The reason Enoch Powell was wrong in predicting rivers of blood was that Powell, who loved the British Empire, did not understand the widespread feelings of liberal guilt among the middle class, nor that this would be transmitted to the nation as a whole (even though the poor had no reason to feel guilty about anything, and indeed would feel the worst effects of immigration).
And yet Powell’s population forecasts were spot on. He shocked his Rotary Club audience in 1968 by suggesting Britain’s non-white population would be 4.5 million in 2002 (in 2001 it was 4,635,296). Then in 1970 he told voters in Wolverhampton that between a fifth and a quarter of their city, as well as that of Birmingham and Inner London, would be non-white one day. According to the 2001 census the figures were 22.2 per cent, 29.6 per cent and 34.4 per cent respectively, and rising.
The subtitle asks: “Can Europe be the same with different people in it?” The answer, quite clearly, is no.
[end of Ed West article]
That Caldwell would write a book that, apparently, totally opposes the open-borders orthodoxy of the center-right establishment in which he has had his entire career is remarkable. For decades he has been a journeyman writer for such mainstream conservative (and devotedly open-borders) magazines as The American Spectator
and The Weekly Standard
. I could never figure out Caldwell. Most political journalists have a personality and point of view that comes through their writings. But with Caldwell, I could never get a sense of who he was or what he believed. Sometimes he sounded like a conservative, sometimes like a liberal, and most of the time, frankly, like nothing at all.
Consider what Paul Cella wrote about him in 2003:
Christopher Caldwell contributed a remarkable piece of journalism to the Financial Times the other day (unfortunately, it is no longer available online without registration). In it he attempts to assuage European fears of American “unilateralism” by assuring his readers that American hawks are, in fact, “joining the European quest for a post-national global order, but on their own terms.” I nearly fell out of my chair when I read that line. Now Christopher Caldwell is supposed by most to be a conservative; his argument is either advanced disingenuously, or reveals something quite sinister. And since I feel that I must regard Mr. Caldwell as sincere in its contentions, I must point out that what he is endorsing here a species consolidation so comprehensive as to boggle the mind.
It is a commonplace that, in an era of globalisation, nation states lack the reach to solve important economic, ecological and military problems. Europeans view themselves as proven leaders in designing multilateral governing bodies to replace the nation state.
So that’s it, huh? A “commonplace.” Replacing the nation-state is now the project of some of the most influential members of the American Right as well as a goodly portion of the international Left. Just like that, we jettison the nation-state; and with it a lot of other stuff most of us always thought of as admirable. The principle of decentralized government, of diverse sources of authority with compass only over those with whom they are familiar; the principle variety, in economy, in political arrangement, in social state, in religious establishment, in vision and ideal; the principle of resistance to uniformity, of defense of eccentricity, of multiplicity of cultural attachments; these are all good, solid, rousing conservative principles. They endure because they approach and reflect the truth of human affairs. Mr. Caldwell would throw them out like depleted old vessels, the remnants of strange fashions and crazes. “As America sees it,” he writes, “there are two obvious problems with the UN as a world government. First, it is incomplete.” Incomplete? No: first, it is monstrous. Mr. Caldwell must know that leveling force of the State will not be reduced by broadening its jurisdiction and its authority; he must know that in this country the slow obliteration of the principle of federalism (sometimes by self-inflicted wounds such as the association with grave iniquity) has effected a steady diminution of individual freedom.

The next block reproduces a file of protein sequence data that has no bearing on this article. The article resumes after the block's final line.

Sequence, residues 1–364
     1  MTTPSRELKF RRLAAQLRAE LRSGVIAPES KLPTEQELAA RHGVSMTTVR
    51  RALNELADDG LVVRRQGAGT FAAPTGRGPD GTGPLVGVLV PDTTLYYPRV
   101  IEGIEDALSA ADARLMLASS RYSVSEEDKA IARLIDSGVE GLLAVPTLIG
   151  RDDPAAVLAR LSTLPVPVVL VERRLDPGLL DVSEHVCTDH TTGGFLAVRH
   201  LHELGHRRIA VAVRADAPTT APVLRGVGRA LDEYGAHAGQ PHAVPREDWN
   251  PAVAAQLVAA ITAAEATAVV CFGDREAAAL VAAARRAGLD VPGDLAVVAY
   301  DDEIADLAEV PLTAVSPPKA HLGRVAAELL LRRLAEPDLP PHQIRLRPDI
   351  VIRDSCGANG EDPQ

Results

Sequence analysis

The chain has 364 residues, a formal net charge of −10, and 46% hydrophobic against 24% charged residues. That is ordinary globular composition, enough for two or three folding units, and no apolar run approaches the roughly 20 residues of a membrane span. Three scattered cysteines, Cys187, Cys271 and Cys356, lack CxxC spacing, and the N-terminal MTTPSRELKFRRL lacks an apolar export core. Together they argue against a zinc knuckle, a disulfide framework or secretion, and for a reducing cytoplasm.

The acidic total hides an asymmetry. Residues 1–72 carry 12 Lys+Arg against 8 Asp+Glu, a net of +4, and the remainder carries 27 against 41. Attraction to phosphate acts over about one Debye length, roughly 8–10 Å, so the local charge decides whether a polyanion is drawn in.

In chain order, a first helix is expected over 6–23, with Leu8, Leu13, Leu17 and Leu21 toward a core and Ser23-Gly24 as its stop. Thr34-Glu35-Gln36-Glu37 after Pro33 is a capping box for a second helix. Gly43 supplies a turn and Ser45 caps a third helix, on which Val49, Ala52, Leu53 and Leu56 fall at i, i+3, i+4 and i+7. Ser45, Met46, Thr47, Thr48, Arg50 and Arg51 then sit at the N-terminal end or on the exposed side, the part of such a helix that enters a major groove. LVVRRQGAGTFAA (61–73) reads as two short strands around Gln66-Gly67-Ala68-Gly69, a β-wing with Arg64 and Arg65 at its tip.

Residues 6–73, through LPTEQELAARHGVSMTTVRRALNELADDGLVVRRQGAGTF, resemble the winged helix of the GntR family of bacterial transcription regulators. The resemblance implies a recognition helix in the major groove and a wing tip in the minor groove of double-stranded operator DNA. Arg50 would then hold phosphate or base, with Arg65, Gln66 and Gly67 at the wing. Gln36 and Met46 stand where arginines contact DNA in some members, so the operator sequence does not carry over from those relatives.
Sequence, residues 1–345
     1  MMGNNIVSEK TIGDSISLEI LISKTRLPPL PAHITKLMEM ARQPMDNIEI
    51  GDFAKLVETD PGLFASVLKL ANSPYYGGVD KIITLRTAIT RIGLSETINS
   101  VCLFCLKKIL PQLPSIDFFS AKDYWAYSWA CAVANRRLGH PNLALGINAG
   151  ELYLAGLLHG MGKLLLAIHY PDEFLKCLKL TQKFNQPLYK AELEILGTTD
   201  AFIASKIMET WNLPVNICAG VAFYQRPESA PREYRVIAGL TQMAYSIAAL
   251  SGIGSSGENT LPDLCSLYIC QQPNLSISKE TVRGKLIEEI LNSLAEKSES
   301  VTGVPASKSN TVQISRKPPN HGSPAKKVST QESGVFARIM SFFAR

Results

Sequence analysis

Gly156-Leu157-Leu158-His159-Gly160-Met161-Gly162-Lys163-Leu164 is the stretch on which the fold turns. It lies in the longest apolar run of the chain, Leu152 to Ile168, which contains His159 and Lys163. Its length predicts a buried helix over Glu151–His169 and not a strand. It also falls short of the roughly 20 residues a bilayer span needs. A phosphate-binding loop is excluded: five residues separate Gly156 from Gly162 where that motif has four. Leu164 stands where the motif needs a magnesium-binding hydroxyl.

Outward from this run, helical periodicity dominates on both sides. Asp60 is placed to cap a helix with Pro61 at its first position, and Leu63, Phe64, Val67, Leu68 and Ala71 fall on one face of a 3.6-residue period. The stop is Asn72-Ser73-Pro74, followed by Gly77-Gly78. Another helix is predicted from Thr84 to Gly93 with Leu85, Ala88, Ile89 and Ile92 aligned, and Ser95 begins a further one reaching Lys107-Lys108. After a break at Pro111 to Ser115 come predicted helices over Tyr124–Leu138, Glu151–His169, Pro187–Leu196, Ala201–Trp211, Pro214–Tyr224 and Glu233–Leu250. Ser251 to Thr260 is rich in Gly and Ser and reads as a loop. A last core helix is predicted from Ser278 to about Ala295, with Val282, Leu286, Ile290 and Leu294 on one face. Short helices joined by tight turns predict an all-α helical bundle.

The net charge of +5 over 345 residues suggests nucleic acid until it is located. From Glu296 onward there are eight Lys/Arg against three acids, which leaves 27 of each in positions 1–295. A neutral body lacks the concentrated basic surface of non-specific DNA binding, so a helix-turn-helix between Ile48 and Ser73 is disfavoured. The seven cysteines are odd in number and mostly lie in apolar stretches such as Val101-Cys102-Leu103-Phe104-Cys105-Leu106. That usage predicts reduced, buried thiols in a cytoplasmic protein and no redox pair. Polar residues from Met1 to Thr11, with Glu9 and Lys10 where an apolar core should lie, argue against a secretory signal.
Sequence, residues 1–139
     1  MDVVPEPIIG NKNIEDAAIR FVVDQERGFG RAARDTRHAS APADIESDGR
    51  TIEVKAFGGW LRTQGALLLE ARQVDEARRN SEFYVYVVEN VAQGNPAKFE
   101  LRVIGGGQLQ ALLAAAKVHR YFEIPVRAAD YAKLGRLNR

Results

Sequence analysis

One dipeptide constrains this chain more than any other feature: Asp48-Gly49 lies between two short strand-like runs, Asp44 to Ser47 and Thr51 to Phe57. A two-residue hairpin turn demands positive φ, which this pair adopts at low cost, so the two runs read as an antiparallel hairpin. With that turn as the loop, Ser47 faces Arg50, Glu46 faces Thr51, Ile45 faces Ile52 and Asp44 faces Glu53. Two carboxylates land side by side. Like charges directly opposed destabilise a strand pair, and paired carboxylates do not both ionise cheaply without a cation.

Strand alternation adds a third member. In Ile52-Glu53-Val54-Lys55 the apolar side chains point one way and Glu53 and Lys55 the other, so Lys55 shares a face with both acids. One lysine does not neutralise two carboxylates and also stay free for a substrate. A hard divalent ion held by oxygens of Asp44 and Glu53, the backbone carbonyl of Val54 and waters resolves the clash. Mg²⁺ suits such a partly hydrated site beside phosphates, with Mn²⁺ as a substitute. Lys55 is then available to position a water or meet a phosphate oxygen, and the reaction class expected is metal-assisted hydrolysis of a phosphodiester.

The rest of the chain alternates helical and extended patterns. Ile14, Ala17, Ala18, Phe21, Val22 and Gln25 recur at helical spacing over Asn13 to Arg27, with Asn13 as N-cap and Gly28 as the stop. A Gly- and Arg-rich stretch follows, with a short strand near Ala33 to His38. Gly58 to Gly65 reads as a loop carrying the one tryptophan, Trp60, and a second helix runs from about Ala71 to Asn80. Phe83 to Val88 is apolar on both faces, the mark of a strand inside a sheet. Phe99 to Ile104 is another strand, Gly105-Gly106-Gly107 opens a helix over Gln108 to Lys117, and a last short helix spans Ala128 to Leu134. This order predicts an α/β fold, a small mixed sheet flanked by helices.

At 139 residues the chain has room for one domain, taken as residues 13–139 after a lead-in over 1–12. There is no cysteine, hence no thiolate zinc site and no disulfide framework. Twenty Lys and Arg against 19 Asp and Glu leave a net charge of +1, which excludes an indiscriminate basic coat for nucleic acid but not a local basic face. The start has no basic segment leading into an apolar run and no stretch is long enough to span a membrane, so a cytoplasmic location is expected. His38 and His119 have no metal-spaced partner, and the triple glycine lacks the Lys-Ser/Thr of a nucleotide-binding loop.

Cella’s article continued with more deserved denunciations of Caldwell.
In reply I wrote at VFR:
I agree that Paul Cella’s critique of Christopher Caldwell is excellent, and I’m horrified by Caldwell’s casual endorsement of a “post-national” order. This is the first time to my knowledge that a putative conservative (I’ve never been sure of Caldwell’s overall point of view, though he now writes at the Weekly Standard) has explicitly advocated a post-national order. But it has been implied for a while. I’ve pointed out before that the only disagreement between the neoconservatives and the liberals regarding globalism is that the liberals want the UN to dominate the New World Order, while the neoconservatives want America to dominate it. That’s why the neocons never criticize the UN’s global governance agenda per se. They only criticize it when it goes against America or Israel.
However, just a year earlier, in 2002, Caldwell has written a stunningly strong piece
on the growth of the power of Islam in France and France’s ideological inability—since, as Caldwell put it, the French believe only in “tolerance”—) to counter it. That article would seem to mark the beginning of his journey toward his present book.
But then in 2003, as we’ve seen, he endorsed a post-national order. How does he imagine a post-national order—a West without sovereign and distinct nations—will be able to fend off the advances of Islam and the Third World? That is why I have had the impression of Caldwell as an amorphous figure. I will be very interested to read his book.
Posted by Lawrence Auster at July 09, 2009 12:07 PM | Send